Inflammatory arthritis is painful in numerous ways: Your hands, feet, back, and buttocks Even though they may appear to be completely unrelated topics, did you know that diseases like rheumatoid arthritis can also affect your oral health?
Yes, that is what you heard! Gum disease is probably more likely to occur in rheumatoid arthritis patients.
The medical community has been shocked by this news, and arthritis sufferers are concerned. In this article, let us explore the possibility of a link between oral health and arthritis by delving deeply into this subject. So, let’s get started and figure out how oral health and arthritis are linked!
Rheumatoid arthritis: What Is It?
The chronic, inflammatory autoimmune disease, known as rheumatoid arthritis (RA), affects the joints in the hands, wrists, and knees. It is a condition characterized by the immune system’s attack on healthy cells as well as its defense against harmful invaders.
The destruction of articular cartilage and bone is one effect of rheumatoid arthritis. The bones in the joints are protected by articular cartilage which acts as a shock absorber and assists the bones in moving smoothly when they are flexing or straightening. Having RA destructs both bone and articular cartilage leading to the weakening of the bones.
Arthritis and oral health are linked by inflammation, which is common in both conditions. The bacteria that cause gum disease may be able to enter the bloodstream, spread to other parts of the body, including the joints, and cause joint inflammation, according to one theory. This can worsen existing arthritis symptoms or cause arthritis to develop. There is also the possibility that gum disease-induced inflammation weakens the immune system, making it more vulnerable to autoimmune diseases like rheumatoid arthritis.
According to a 2023 study, people with periodontitis—gum inflammation—and missing teeth had a higher risk of rheumatoid arthritis. The likelihood of developing RA may be reduced by practicing good oral hygiene on a regular basis by scaling one’s teeth and brushing one’s teeth frequently.
Nearly half of the people in the U.S. have periodontitis, a gum infection that causes bone loss in the mouth, and 90% have had at least one cavity. About 4% have a mouth sore at any given time.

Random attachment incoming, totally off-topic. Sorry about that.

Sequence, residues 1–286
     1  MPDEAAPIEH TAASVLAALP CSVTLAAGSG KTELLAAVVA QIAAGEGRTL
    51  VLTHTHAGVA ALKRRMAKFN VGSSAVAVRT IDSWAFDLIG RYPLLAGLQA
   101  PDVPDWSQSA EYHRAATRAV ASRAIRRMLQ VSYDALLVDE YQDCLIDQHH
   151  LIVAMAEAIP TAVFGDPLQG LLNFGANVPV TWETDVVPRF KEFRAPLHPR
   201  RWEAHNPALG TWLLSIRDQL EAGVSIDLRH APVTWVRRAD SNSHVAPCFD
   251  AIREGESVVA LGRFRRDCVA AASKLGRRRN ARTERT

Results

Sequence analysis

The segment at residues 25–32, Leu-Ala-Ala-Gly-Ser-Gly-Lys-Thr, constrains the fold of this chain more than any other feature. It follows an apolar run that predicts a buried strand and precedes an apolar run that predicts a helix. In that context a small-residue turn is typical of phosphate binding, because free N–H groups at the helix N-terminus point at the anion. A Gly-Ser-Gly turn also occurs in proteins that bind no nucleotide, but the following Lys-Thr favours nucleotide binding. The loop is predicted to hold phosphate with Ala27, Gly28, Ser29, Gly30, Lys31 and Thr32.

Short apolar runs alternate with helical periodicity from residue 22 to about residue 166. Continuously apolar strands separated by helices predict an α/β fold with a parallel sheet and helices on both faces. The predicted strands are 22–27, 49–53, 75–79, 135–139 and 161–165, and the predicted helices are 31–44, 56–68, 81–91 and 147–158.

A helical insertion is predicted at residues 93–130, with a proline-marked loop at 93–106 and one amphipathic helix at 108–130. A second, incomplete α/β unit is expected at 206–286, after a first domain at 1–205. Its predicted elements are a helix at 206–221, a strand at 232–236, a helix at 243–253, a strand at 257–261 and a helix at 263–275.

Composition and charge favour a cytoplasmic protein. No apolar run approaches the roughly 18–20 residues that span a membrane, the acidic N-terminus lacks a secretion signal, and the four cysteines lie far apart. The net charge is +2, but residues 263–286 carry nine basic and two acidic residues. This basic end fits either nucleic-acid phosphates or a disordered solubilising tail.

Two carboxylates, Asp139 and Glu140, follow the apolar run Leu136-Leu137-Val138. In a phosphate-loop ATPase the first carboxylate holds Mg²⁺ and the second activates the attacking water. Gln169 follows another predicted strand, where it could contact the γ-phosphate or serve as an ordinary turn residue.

How rheumatoid arthritis affects oral health?
Because rheumatoid arthritis is an inflammatory disease, it can have a number of negative effects on your dental health. Gum disease, a leading cause of tooth decay and oral infections, can be brought on by inflammation.
Patients with rheumatoid arthritis may be more susceptible to oral health conditions like gingivitis and periodontitis even in the early stages. Swollen gums are typically a sign of gingivitis, whereas periodontitis affects the bone and tissue that keep teeth in place. Gingivitis can progress into periodontitis if it is not treated with proper care.
People with rheumatoid arthritis may also experience Sjogren’s syndrome, loss of jaw motion and pain, tooth sensitivity, staining on the surface of the teeth, infections, teeth bleeding, bad breath, swollen gums, and other oral health issues. Additionally, this inflammatory condition has a negative impact on the salivary glands, resulting in tooth decay, dry mouth, and difficulty swallowing.
Due to stiff and painful joints in the hands, wrists, and shoulders, some rheumatoid arthritis patients find it difficult to properly brush and floss their teeth. Infections are more likely to occur at the same time if proper oral hygiene is not practiced.
Gum Disease Treatment Aids Rheumatoid Arthritis
Rheumatoid arthritis can be devastating, but maintaining good oral hygiene may lessen its effects. Make sure to find out if you have rheumatoid arthritis (RA), particularly if it runs in your family, in addition to having your teeth cleaned at least once a year. Get in touch with DLW right away, get a timely diagnosis, and keep RA symptoms at bay.